Next, I layered subsequent washes of dark blue, violet, green and shades of red and yellow to establish rich colors that will ultimately peak through the layers of pastel on top. This is what I believe gives the painting that "living quality". The depths of color beneath the surface of the painting ultimately "glow" through and gives the painting life.

In my next post I will show you the beginning steps of the layering of pastel, and lo, the evolution of the cactus image will begin.

Monday Morning Inspiration-Bouguereau Style Digital Painting

If you've ever wondered how to paint digitally, here's a fast paced, crash course in painting a Bouguereau style female portrait digitally. Notice not only the technique but the gorgeous skin tone colors. Hang on for the ride!

Back In The Studio!

First of all, I must apologize for having been gone from my blog for the last couple of months. Between recovering from surgery on both my feet, traveling, completing a “huge” project that kept me working long hours ( I’ll share more on that later) and more traveling,...I’m afraid I found myself in a slump with my posting. But the hu-bub in my studio hasn’t changed and even though I continue to hobble around on my still healing feet, I am slowly getting back on track, thank goodness.

My last post gave you a glimpse of the 3 pieces I submitted to the Corridor of Art Show sponsored by the Austin Pastel Society in Austin, Texas. When the awards were decided, my painting titled “Triple Crowns” received a 2nd place in the Still Life category.

Even more exciting, a few weeks later, at the Texas Pastel Society’s 1st Annual Show at the Coppini Academy of Fine Art in San Antonio, my pastel painting titled “Warm Morning Light” won Best Of Show. I was thrilled! This was such an enjoyable image to paint. I loved the effect the light had on my granddaughter’s hair and shirt and especially her mug of cocoa as it glowed from behind and filtered through everything. It made me feel good to know others enjoyed it too.

My next entry, which is quickly approaching, will be to the Pastel Society of America’s Annual Juried Competition. I have never submitted anything to this prestigious show but I will be honored if all I do is get accepted.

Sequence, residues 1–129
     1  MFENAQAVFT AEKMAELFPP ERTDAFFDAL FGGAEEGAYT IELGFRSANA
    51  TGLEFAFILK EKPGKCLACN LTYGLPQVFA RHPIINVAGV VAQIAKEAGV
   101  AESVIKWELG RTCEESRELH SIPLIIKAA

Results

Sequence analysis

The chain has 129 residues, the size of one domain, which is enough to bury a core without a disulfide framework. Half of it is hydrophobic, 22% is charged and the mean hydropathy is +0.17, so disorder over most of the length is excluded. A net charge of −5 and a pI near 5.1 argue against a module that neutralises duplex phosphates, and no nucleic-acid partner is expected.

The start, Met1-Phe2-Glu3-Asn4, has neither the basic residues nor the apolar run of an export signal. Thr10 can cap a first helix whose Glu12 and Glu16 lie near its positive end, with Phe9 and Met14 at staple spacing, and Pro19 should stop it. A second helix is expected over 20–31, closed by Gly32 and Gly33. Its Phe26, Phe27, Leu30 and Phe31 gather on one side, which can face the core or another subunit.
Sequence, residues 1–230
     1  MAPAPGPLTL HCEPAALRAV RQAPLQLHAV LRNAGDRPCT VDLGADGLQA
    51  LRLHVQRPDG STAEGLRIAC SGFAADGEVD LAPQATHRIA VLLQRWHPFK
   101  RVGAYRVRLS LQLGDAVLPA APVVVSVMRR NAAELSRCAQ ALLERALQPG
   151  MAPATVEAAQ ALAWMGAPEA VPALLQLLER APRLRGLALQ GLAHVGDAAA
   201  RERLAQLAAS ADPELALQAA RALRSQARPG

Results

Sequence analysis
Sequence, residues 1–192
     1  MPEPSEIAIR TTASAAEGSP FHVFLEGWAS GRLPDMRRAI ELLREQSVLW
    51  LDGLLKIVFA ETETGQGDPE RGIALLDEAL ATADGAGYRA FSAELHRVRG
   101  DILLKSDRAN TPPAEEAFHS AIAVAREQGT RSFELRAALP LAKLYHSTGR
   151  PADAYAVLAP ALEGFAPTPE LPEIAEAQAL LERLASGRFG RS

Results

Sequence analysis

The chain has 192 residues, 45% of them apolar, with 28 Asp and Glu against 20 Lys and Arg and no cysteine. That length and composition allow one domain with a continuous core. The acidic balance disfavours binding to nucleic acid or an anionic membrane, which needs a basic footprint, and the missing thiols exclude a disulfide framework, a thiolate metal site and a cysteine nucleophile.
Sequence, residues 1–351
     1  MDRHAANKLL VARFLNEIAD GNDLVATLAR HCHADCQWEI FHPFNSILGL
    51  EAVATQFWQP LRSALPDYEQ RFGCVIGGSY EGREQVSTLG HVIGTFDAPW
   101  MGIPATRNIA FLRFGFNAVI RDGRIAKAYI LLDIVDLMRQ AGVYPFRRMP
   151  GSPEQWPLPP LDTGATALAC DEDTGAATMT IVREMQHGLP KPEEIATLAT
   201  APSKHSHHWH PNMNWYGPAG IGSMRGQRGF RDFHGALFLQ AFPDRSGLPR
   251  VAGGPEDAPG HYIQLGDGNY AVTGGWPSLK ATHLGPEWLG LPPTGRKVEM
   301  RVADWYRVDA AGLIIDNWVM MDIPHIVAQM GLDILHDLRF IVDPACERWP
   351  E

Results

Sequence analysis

Austin Pastel Society's "Corridor of art"

Austin Pastel Society's "Corridor of Art"

If you are in the Austin area anytime soon, you must try to stop in and see the Austin Pastel Society's annual juried exhibition, "The Corridor of Art". I dropped off my 3 submissions for the event recently and was able to get a sneak preview while helping to hang the exhibit. I have to say, the show is exceptional, with a wide and diverse
assortment of styles and talent. Equally exciting, the entries will be judged this year by the internationally recognized and published, award winning pastel artist, Desmond O'Hagin. So, needless to say, it will be very exciting to see which pieces garner awards.

The show is being held at the Chase Bank Building on Lavaca and 8th St. in Austin, Texas and will remain on display until May 3. Don't miss this opportunity to view some incredible work.

* The 3 pieces shown above are "Cowboy K. P.", "Triple Crowns" and "Coffee Break".

2009 Poster for The Heritage Gathering

2009 Poster for The Heritage Gathering

Thought you might like to see the new 2009 poster for The Chuck Wagon Cook-Off and Heritage Gathering in Boerne, Texas. The image was painted from a photograph I took at one of the previous cook-offs a couple of years back. This particular cowboy is a seasoned chuck wagon cook and was kind enough to allow me to reproduce his likeness making his famous "Biscuits From Scratch" which is also the title of the painting.

I'll be signing posters there at the Agricultural Heritage Museum this Saturday, March 7, so come by and say hello. While you're there you'll be able to enjoy some of the finest chuck wagon cooking in the state of Texas. The Heritage Gathering is one of the most enjoyable family events in the whole Boerne area so don't miss it.



I mean it, GET OUT! Sometimes you just have to get out of your studio to get a fresh perspective. This post has nothing to do with pastel painting per say but does have everything to do with feeding your creative mind. I recently had the opportunity to attend a quilting retreat at The Retreat House in Rockport, Texas. Quilting is something I am absolutely fascinated by. The gorgeous patterns created by small pieces of colorfully coordinated fabrics is mesmerizing and an art in itself. I have traveled to Houston, Texas to attend the International Quilt Festival numerous times and have even begun several quilt projects of my own. Unfortunately, however, that's usually as far as it gets. I have never been to a quilting retreat but intrigued by the thought of 4 days of solitude to work on whatever unfinished quilting projects I felt like working on (and in my pj's if I so desired), I decided to go. What an incredible few days it turned out to be. Surrounded by numerous talented quilters who were tremendously inspiring and were never short on encouragement, I sewed to my heart's content. My enthusiasm was renewed, and not just for quilting. Once I got home I found I was equally enthusiastic about getting back to work in my office and starting my new series of paintings. I didn't even find a need to get irritated at my husband. I felt like I really HAD taken a chill pill.